Life can only be understood backwards; but it must be lived forwards.
– Søren Kierkegaard
Twenty-two years ago this week, I leaped into the future by signing up for the internet.
I could tell you that I was a forward-thinking newsroom leader who foresaw what was coming and was driven to get there first. But that would not be true.
I actually had a home computer for three years before taking this big step, so it wasn’t like I was in a hurry.
I bought that computer – a clunky little Compaq – in the early 1990s for a history writing project that paid pretty well but needed to be handled at home.
Mostly it was a glorified typewriter and I taught myself how to use it through trial and error, the latter often making the former formidable. The “solitaire” feature was my favorite part.
Those early years passed slowly, but the internet began to beckon.
That’s why in 1995 I went next door to the Z-Net office in the old Georgia Railroad bank building and signed up. I think my wife approved the expense as my “Christmas present.” (She got a Ford Explorer.)
I even installed my own modem, and soon I was Web surfing, or more accurately “Web wading” in the shallow end of the Information Age pool. There wasn’t that much out there.
Internet service was slow and there were no pictures, for me at least. It was all text, brought to me by a search engine called Gopher – named for the mascot of the University of Minnesota, which developed it.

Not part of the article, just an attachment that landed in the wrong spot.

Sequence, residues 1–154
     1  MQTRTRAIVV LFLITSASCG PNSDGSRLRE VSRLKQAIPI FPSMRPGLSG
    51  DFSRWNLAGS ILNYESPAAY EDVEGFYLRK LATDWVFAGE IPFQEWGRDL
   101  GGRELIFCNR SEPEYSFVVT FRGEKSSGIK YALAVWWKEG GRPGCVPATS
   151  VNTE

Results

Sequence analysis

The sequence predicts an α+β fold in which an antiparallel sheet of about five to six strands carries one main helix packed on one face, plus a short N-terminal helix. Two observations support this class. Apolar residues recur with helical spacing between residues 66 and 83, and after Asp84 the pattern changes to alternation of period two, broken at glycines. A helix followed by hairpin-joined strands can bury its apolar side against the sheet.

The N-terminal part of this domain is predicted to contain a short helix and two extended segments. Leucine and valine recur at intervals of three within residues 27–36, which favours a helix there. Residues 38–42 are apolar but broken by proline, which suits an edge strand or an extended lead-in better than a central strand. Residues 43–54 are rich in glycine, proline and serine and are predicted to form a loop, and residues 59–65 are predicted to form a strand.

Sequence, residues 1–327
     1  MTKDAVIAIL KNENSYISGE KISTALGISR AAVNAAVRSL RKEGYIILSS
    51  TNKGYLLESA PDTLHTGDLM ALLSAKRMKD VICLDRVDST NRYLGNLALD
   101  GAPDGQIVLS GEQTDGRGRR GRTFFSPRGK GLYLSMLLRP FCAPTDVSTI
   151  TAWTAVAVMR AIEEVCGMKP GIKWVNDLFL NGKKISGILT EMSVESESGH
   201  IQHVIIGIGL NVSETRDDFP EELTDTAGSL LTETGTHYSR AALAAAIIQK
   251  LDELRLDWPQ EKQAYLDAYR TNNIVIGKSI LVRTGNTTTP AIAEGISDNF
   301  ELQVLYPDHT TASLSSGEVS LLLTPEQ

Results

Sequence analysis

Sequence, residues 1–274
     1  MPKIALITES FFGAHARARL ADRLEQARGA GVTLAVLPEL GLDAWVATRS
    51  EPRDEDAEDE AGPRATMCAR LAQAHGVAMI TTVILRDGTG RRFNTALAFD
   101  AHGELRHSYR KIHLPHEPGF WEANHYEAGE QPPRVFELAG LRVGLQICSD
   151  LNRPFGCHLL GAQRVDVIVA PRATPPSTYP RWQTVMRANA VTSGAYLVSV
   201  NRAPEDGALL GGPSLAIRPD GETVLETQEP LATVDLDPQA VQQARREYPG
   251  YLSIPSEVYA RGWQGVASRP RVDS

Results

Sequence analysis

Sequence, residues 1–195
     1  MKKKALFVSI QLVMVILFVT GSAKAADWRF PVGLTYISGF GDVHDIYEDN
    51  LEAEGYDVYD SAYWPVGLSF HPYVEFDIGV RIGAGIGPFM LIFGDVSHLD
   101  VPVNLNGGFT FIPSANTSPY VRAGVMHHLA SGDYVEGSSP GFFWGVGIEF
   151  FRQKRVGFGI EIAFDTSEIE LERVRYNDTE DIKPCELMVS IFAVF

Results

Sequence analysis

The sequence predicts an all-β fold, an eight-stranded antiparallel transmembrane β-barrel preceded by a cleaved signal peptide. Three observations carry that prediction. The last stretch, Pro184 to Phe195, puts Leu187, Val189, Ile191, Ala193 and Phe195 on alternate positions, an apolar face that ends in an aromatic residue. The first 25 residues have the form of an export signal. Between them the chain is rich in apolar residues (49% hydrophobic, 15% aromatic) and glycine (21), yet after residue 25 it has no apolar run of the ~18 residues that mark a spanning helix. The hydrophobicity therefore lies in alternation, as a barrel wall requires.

I read a lot of stories from the Raleigh newspapers because they were ahead of everyone back then. I even printed out some and took them into work the next day in case someone else wanted to read them. I did not share via e-mail because nobody I knew had e-mail. But that changed quickly. In fact, as we all know, everything changed quickly.
It wasn’t long before I had to buy a new computer for home. E-mail exploded and the rest is history.
I don’t think those changes have come in a gradual climb up the peak to the present, but more often in leaps to the latest plateau, where things stay level for a while until another hurdle is needed. Home computers yield to laptops, which are overtaken with smart phones, which we use until the next stage reveals itself.
Until then, I spend much of my work time and my free time on the internet. Even when I go to the dentist’s office, as I did last week, I find myself sitting in the waiting room reading stuff on my cell phone.
I visit my parents and always find my father, almost 90, devoted to his iPad, from which he will occasionally look up to announce, “I e-mailed you a story …”
My cell phone suddenly beeps in my pocket. The future just arrived.
Soon it will be the past.
Reach Bill Kirby a t firstname.lastname@example.org